“I must highlight the undeniable irony that [Waste Control Specialists] seeks to vastly expand its potential revenues while also reducing its financial liabilities,” Burnam, who lost his bid for re-election, wrote in a letter to state regulators. The company "shows it does not have the interest of Texas taxpayers at heart.”
The long-time critic of the disposal site says the amendment is big enough to merit a contested case hearing – a drawn-out process resembling a trial in which companies and their critics present evidence and testimony in front of an administrative law judge. Burnam said he does not currently have concrete evidence that the amendment would endanger public health, but a hearing would allow him time to gather it.
But regulators are unlikely to grant Burnam’s request. The environmental agency, supported by recent court rulings, has set a high bar for triggering such hearings, and the Office of Public Interest Counsel has recommended against a hearing, saying the lawmaker is not an “affected person” by the amendment – in part because his district sits about 350 miles from the waste dump.
That reality rankles Burnam, who argues that his status has a taxpayer and lawmaker makes him “affected.”
“They’ve deliberately set an inappropriate high bar, because they don’t want to bother with a concern that people have,” he said. “Everybody in the state of Texas should be concerned, because this is the biggest fiscal rip-off in the state’s history.”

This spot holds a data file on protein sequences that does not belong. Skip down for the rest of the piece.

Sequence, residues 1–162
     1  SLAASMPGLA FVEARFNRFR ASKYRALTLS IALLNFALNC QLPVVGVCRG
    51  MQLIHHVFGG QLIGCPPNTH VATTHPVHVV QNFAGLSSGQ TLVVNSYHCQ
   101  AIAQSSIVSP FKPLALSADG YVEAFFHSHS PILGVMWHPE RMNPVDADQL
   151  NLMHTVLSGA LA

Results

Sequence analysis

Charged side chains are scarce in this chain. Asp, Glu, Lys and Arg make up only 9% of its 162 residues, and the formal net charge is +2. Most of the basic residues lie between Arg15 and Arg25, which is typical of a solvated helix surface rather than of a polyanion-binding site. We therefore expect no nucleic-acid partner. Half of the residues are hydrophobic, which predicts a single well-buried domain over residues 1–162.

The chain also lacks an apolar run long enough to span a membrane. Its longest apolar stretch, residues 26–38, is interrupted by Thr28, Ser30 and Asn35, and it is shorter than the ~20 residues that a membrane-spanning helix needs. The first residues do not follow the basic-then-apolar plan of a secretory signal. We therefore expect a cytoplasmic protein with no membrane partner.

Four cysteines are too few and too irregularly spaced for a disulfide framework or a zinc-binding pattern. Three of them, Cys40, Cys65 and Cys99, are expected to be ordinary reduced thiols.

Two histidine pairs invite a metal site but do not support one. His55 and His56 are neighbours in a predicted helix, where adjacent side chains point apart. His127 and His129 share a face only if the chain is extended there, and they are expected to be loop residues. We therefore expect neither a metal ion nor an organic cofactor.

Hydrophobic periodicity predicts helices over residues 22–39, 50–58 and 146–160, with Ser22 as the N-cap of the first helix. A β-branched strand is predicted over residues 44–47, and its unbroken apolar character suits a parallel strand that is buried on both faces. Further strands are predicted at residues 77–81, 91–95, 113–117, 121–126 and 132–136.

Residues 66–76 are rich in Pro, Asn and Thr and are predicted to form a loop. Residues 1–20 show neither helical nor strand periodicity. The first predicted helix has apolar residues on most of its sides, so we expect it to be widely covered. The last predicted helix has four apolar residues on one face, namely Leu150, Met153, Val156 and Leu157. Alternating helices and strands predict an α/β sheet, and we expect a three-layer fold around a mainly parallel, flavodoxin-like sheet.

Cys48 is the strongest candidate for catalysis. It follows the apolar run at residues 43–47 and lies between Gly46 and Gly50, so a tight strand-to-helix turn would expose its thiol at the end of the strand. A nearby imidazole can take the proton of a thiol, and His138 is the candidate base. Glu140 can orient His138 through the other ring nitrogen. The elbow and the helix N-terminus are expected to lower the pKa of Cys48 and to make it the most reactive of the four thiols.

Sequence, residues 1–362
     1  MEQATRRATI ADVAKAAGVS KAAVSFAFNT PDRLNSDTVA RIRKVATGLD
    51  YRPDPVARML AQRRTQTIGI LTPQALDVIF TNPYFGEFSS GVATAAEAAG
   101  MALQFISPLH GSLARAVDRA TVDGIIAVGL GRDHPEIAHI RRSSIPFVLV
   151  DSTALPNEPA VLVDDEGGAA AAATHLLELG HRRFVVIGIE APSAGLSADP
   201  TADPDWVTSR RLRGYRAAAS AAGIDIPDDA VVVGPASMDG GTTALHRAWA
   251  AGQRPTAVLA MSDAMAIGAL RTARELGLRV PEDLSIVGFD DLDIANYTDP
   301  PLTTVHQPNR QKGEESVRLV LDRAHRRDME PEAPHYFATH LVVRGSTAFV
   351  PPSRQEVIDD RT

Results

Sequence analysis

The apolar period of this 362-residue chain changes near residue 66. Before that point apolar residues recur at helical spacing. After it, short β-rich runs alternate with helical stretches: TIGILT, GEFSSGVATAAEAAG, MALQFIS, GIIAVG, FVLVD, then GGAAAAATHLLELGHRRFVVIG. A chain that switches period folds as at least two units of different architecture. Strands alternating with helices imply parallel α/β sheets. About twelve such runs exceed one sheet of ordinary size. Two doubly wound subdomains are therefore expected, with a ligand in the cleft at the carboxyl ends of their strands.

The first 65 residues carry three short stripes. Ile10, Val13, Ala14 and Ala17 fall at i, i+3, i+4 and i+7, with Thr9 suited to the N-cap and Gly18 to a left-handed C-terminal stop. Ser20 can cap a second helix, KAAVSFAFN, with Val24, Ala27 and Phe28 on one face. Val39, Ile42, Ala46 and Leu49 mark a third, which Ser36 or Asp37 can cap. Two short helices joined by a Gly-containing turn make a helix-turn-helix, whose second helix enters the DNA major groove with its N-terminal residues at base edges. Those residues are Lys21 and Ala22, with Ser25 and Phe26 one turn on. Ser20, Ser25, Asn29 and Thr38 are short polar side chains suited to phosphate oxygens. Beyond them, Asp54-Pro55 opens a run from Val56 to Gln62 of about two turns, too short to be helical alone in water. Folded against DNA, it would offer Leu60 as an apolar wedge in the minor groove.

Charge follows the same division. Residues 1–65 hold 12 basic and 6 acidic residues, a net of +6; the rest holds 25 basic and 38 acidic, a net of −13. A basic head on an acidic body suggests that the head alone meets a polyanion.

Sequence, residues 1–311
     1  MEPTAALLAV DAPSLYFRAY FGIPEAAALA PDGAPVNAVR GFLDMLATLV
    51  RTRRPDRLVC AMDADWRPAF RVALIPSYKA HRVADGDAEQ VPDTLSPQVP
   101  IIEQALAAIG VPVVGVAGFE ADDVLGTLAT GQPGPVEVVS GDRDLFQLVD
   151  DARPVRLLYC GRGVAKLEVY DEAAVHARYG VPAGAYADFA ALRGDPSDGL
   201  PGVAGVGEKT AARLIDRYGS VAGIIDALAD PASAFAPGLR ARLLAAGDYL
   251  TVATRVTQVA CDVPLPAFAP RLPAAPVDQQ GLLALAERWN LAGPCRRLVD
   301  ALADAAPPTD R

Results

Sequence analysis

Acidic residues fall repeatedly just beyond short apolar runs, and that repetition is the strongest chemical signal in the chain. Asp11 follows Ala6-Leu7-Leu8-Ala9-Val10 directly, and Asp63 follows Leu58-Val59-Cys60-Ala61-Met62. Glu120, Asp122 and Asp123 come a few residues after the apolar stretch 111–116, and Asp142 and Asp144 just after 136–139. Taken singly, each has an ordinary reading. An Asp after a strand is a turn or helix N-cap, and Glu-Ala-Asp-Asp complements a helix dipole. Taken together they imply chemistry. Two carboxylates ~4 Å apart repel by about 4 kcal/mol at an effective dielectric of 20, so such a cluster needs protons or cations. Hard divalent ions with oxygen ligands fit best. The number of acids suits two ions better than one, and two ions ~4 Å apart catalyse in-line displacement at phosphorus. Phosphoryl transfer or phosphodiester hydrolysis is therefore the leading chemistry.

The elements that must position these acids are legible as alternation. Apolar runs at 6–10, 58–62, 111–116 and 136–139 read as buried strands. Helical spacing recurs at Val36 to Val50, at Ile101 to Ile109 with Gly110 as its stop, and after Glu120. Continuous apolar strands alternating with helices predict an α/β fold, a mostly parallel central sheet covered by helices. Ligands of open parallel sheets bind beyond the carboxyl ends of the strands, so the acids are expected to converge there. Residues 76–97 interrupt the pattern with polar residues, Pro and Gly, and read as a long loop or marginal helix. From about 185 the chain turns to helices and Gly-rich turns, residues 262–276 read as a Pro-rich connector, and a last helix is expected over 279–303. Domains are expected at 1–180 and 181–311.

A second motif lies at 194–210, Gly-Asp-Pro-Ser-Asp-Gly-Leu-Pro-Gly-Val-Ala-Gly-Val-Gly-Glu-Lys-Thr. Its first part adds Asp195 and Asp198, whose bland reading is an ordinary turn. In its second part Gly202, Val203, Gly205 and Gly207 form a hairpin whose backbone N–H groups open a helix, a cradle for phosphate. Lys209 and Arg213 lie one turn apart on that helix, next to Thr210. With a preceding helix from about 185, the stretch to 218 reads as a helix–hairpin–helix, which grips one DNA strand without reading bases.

Burnam and other critics have questions about whether the millions of dollars Simmons donated over the years to Republican state lawmakers, including Gov. Rick Perry, influenced state decisions on waste policy, but Simmons had said he believed that Perry had Texans' best interests in mind.
The Sierra Club, which has also opposed nuclear waste disposal in Texas, voiced concerns similar to Burnam’s in public comments to the commission.
In his response to those comments, Richard Hyde, the commission's executive director, defended the proposal point by point. The amendment “does not pose potential health, safety and environmental impacts, in other words, it is not dangerous,” he wrote.
In making such determinations, the agency says it relies heavily on a review the company submits each year. Terry Clawson, an agency spokesman, said the agency’s staff “performed a detailed technical review,” of the document, while engaging in “a regular dialogue” with the company about the site’s conditions.
McDonald said the amendment is simply an effort to square up the waste dump's realities to what regulators assumed when it was evaluating the company’s original application about 10 years ago. For instance, the U.S. Department of Energy has since more fully studied disposal of depleted uranium.
Also, the current waste site is smaller than what was described in the license. That’s the reason for reducing the company’s financial assurance. If the company builds new facilities, the commission says it will recalculate the liability.
“There is no question that the [Waste Control Specialists] facility in Andrews County is a state-of-the-art disposal facility for low-level radioactive waste," McDonald said. “Right now, there’s not even competition.”